For several decades, most of the papers on alcohol and cancer — with the exception of hepatoma — have consistently shown only mild to moderate possible statistical associations, and the outcome data have been quite inconsistent. Who knows whether an evening glass of wine will make things better or worse for the patient on treatment or after treatment is completed?

In this edition of HemOnc Today, we have covered a study from Phipps and colleagues, who have shown that prediagnostic alcohol consumption may slightly improve colorectal cancer outcomes. Parenthetically, these researchers also have studied patients treated in a North Central Cancer Group Trial, and reported that mild to moderate red wine consumption was associated with slightly improved prognosis.

Who cares?

What was the underlying biological hypothesis — presumably a rehash of the old resveratrol story? Why did the researchers do these studies and why were they published?

I ask myself that question particularly because Phipps and colleagues published data in Cancer in 2011 suggesting an absence of obvious outcome association between alcohol intake and colorectal cancer outcomes. Did they not believe their own data? Most puzzling is that, 5 years later — after these researchers have consumed salaries, grants and time — they have again demonstrated another similarly weak association without a strong governing biological hypothesis and have managed to get it published.

I do not really intend to pick a fight with the anti- (or is it pro-) alcohol lobby group. I have become an equal opportunity curmudgeon, and am equally troubled by the litany of papers reporting weak associations — positive and negative — between cancer and sleep patterns, metformin and other oral diabetic agents, variable nutritional habits and diet, coffee, and a range of much wackier epidemiological targets.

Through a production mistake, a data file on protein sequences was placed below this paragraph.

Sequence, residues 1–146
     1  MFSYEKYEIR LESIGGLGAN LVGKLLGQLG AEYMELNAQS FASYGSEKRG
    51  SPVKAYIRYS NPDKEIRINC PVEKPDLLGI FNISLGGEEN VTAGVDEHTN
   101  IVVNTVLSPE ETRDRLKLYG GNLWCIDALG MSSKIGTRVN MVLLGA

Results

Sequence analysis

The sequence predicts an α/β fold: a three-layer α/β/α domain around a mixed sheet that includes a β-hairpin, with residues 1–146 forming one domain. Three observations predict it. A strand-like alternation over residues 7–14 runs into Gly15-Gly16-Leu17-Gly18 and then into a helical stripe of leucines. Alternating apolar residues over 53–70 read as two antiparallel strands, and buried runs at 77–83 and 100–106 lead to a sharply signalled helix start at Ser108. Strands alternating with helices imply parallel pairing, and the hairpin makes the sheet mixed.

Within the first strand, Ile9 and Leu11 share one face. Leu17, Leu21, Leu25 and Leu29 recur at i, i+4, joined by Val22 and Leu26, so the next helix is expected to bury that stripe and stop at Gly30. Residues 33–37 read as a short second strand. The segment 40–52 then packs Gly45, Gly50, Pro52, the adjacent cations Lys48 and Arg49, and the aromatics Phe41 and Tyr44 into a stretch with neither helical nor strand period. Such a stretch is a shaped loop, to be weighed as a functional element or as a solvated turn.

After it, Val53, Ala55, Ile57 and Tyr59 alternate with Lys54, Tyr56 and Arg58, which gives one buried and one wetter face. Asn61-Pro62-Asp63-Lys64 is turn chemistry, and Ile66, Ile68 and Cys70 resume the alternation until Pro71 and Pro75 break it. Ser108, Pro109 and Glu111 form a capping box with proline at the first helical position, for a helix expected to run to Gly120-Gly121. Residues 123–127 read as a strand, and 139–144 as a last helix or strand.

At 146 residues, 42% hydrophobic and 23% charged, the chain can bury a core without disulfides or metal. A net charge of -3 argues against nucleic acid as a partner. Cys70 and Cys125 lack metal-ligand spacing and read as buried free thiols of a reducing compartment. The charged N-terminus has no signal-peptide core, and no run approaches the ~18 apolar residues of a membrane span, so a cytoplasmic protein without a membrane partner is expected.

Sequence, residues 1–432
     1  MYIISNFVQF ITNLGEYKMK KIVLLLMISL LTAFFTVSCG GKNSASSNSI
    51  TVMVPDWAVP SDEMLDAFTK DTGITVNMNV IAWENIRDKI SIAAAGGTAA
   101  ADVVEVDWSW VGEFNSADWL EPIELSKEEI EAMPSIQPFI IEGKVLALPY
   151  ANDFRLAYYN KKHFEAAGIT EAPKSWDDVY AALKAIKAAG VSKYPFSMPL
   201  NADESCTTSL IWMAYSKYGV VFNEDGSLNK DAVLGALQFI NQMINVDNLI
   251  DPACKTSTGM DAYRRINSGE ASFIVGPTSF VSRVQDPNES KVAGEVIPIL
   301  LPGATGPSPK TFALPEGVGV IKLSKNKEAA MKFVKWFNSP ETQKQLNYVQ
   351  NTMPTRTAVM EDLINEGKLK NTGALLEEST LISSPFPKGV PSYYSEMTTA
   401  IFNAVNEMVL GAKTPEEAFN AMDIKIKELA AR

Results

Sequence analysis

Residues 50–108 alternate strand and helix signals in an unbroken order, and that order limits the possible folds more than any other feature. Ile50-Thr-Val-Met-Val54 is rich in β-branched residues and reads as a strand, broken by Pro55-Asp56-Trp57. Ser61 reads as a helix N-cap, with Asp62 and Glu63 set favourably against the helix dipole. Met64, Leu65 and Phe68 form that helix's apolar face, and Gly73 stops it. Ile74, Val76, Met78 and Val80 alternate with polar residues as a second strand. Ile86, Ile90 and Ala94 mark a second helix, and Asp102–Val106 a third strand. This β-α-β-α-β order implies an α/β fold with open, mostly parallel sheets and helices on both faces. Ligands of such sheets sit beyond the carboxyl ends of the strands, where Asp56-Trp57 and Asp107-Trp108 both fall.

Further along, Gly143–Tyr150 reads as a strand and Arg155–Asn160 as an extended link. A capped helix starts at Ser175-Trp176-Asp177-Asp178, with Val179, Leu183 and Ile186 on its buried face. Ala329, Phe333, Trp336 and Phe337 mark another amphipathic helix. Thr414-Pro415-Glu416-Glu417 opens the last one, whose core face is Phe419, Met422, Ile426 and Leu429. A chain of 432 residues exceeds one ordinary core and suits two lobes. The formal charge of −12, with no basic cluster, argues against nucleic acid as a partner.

Basic questions

I fully endorse the outstanding work still being done by many luminaries in the field — many excellent studies will influence definitively our approach to cancer avoidance, change of lifestyles, surveillance of long-term survivors, etc — but those paradigm-shifting studies are not the focus of this editorial.

However, at a time when the national health care well is running dry, perhaps the world of cancer epidemiology might consider policing itself more effectively, and pose some basic questions before initiating projects, funding them and then reporting their datasets:

 

  • Will anyone care?
  • Will it change anything?
  • Is it true?
  • Is there a strong biological concept underpinning the investigation?
  • Has it been done many times before?
  •  

    Maybe this could begin at the NIH with a review of the composition of the grant review sections that focus on epidemiology and related topics, and perhaps a structured analysis of the return on investment from the past decade of funded cancer epidemiology studies.

    That may yield surprising results, and might even prove — once again — that my thinking is wrong!

    References:

    Phipps AI, et al. Cancer. 2011;doi:10.1002/cncr.26114.

    Phipps AI, et al. Cancer. 2016;doi:10.1002/cncr.30446.

    Phipps AI, et al. Int J Cancer. 2016;doi: 10.1002/ijc.30135.

    Rivera A, et al. Cancer Epidemiol Biomarkers Prev. 2016:doi:10.1158/1055-9965.EPI-16-0303.

    For more information:

    Derek Raghavan, MD, PhD, FACP, FRACP, FASCO, is HemOnc Today’s Chief Medical Editor for Oncology. He also is president of Levine Cancer Institute at Carolinas HealthCare System. He can be reached at derek.raghavan@carolinashealthcare.org.

    Disclosure: Raghavan reports no relevant financial disclosures.

    Editor’s note: To read a response to this editorial from Amanda I. Phipps, MPH, PhD, see her commentary. To read HemOnc Today’s coverage of the research by Phipps and colleagues, click here.